Perfect Plan, Unforgettable Mother’s Day

Perfect Plan, Unforgettable Mother’s Day May 8, 2024

A trusting child joins her parents' perfect plan

The only gift my wife wanted for Mother’s Day that year was to take a “little journey” with our little family. Our kids were small and our bikes were old, but we had a perfect plan. We would bike 25 miles from our home outside Kalamazoo, Michigan to our Lake Michigan destination. We expected a few inevitable slight imperfections, but certainly not disaster.

A Challenging Perfect Plan

In Southwest Michigan, the beautiful Kal-Haven Trail follows the path of an old railroad, leading past picturesque fields and farms, small towns, abandoned villages, and dense forests. We would bike it in 5 hours, camp overnight, attend church in the morning, and bike back. We calculated that we could easily arrive, get our tent set up, and make s’mores before dark! But for us, the trail was to lead to much more.

I admit to being a little concerned about whether the kids would make it. Possibly I was also a little concerned how I would make it that far on a one-speed cruiser pulling my daughter with an extension.

We discovered that a “perfect plan” can quickly and easily become imperfect. We hadn’t anticipated some complications getting all of the bikes and supplies, which put our planned 10:00 a.m. departure time back until 4:00 p.m.

And timing wasn’t the only kink in the perfect plan. The wind that day was blowing so hard that we felt like we were hardly moving as we peddled. At one point along the trail, my son was stuck peddling but not moving forward at all. Finally he just slowly tipped over sideways. We all got a kick out of how crazy the wind was, but unfortunately it was not helping us keep on our greatly modified schedule.

After riding our bikes for what I’m sure seemed like an eternity to the kids, one of my older boys saw a sign on the trail that read “5 Miles.” He exclaimed, “There’s only 5 more miles to go!” I was sad to have to tell him that we had only gone 5 miles and that we still had 20 to go.

Dark Developments

The trip became frightening when darkness beat us to our destination. At that time we realized we had only brought one flashlight. Everyone got really quiet, and we all rode together behind the person in the front with the flashlight. There might have been spooky glowing eyes looking at us, or we might have imagined them. But we were not reassured.

We saw no sign of the campground along the trail. A phone call let us know we had passed the necessary turnoff a few miles earlier. Darkness can cause missteps (or “mispedals”) like that.

By this point we were tired, lost, and a little scared, with no hope of retreating to the campsite and setting up a tent. Our perfect plan was swallowed up in imperfect circumstance. Late at night, our options were running out.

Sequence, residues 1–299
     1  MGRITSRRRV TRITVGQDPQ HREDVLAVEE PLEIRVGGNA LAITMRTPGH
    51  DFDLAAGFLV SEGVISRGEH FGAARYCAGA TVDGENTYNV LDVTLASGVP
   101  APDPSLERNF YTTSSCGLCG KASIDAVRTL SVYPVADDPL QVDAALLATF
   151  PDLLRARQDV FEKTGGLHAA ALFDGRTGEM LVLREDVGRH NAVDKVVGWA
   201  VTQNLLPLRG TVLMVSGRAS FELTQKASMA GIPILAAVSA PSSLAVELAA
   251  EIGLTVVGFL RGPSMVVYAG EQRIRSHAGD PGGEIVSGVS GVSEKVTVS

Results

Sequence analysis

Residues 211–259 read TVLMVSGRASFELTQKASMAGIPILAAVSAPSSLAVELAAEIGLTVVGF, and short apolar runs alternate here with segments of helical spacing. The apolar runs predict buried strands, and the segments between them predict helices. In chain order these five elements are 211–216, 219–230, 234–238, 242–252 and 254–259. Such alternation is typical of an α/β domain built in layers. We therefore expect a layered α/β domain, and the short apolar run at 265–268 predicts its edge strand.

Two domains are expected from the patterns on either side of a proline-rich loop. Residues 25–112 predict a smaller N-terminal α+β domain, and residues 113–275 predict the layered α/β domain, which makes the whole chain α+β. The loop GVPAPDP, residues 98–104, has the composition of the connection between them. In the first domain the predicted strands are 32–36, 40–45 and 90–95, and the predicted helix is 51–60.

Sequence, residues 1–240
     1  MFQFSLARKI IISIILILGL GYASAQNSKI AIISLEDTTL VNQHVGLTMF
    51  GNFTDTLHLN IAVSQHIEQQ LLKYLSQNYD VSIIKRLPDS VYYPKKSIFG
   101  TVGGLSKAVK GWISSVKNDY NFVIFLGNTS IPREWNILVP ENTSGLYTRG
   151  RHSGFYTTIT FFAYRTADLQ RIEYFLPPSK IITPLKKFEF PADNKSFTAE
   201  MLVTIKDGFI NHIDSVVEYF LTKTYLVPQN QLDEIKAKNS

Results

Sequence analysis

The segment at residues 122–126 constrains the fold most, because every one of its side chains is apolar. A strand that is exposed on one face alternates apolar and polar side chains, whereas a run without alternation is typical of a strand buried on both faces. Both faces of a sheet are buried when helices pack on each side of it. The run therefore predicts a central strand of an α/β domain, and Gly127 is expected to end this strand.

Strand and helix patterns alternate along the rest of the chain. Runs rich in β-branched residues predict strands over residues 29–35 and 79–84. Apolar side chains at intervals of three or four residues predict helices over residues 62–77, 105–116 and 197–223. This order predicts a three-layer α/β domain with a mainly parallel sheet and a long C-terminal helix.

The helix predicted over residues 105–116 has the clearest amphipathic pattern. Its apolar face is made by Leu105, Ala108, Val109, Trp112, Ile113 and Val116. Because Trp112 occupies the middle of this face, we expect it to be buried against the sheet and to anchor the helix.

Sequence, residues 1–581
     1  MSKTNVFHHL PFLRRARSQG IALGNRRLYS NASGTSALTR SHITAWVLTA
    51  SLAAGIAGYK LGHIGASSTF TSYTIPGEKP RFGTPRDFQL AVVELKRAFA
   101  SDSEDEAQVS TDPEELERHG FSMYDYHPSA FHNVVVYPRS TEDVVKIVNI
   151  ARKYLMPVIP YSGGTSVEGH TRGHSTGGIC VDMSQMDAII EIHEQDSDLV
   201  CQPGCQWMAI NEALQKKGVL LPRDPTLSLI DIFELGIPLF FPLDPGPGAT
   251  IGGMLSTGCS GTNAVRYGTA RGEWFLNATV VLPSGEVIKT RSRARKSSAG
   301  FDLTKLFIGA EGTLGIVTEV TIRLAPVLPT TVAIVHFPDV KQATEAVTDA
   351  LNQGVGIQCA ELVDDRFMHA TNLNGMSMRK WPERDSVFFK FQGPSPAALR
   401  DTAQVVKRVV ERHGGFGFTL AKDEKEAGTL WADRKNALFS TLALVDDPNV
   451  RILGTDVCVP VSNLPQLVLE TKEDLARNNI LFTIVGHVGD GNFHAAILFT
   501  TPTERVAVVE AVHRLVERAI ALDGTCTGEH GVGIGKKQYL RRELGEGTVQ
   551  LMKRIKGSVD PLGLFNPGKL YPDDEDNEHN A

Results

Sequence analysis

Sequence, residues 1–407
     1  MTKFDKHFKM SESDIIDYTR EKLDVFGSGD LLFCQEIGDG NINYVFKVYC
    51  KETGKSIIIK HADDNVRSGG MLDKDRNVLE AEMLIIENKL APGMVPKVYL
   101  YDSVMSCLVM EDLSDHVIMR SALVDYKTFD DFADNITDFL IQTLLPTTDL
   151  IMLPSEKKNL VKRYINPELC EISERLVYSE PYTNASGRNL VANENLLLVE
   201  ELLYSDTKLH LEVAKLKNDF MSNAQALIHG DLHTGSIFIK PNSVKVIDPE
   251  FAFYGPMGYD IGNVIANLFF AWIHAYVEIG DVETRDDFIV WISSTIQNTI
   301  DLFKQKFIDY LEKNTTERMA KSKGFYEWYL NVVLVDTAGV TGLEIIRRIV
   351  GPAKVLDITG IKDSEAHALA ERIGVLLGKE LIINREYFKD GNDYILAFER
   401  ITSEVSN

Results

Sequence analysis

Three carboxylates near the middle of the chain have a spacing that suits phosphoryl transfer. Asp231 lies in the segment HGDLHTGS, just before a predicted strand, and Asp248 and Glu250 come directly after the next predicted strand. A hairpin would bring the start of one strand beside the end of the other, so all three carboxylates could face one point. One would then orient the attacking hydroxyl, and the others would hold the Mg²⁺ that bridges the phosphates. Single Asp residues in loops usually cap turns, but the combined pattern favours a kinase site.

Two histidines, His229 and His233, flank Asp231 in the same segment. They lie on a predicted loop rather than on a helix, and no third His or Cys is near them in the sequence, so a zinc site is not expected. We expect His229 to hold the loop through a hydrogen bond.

So I used my phone to look up a member of the local bishopric. He came and rescued us, taking us to a hotel, with the promise of a ride to church the next morning. Afterward, he took me on a 45-minute drive to get our van, so that I could take my family, along with the bikes and equipment, home. We felt that an angel had rescued us. He didn’t realize how tempted we had been to give up before he showed up.

We have never topped that experience for excitement, twists and turns, and epic journeys with surprise endings. And the Kal-Haven Trail also blessed us with life lessons, spiritual metaphors, and testimony building experiences.

Perfect Eventually

The fate of our Mother’s Day journey reminds me of the title of a General Conference talk by Jeffrey R. Holland: “Be Ye Therefore Perfect—Eventually.” Plans and intentions also have eventually attached.

That disintegration of our perfect plan was a perfect metaphor for life. Despite careful planning, we often get started late, as we underestimate challenges or overestimate our ability. When we think the road will be smooth and easy, a strong wind or storm leaves us peddling furiously and tipping over. We may feel like we do not have the proper light or tools to deal with the problems, or it may be too late or too dark to use them. We may feel lost, alone, and threatened by dangers we begin to imagine.

But like our topsy-turvy Mother’s Day, we are blessed by someone we can depend on for strength and support, who will rescue us and take us home. I am so grateful for our Savior, who can help us overcome our challenges and obstacles. I am also grateful to my wife, my mother, mother-in-law, aunts, sisters, and the many other mother figures who are God’s angels here on earth, pointing us to Him in so many ways. I am grateful for the loving hands who have brought the love of Christ into my life.

In his “Perfect—Eventually” talk, Elder Holland concluded that for the “perfect moment” of coming home to Christ,

I continue to strive, however clumsily. For such a perfect gift, I continue to give thanks, however inadequately. I do so in the very name of Perfection itself, of Him who has never been clumsy or inadequate but who loves all of us who are, even the Lord Jesus Christ.

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